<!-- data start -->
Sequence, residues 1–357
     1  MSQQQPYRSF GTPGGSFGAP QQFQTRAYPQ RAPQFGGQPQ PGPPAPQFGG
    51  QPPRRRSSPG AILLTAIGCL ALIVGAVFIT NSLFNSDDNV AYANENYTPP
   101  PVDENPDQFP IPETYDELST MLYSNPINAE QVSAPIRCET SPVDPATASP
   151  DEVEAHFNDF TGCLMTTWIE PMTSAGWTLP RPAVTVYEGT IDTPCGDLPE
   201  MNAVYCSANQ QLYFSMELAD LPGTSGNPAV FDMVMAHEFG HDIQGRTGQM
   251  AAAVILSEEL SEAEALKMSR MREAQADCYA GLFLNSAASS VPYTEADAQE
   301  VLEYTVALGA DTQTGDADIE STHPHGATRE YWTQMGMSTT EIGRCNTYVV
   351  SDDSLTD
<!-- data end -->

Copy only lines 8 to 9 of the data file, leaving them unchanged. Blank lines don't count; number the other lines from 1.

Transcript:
   301  VLEYTVALGA DTQTGDADIE STHPHGATRE YWTQMGMSTT EIGRCNTYVV
   351  SDDSLTD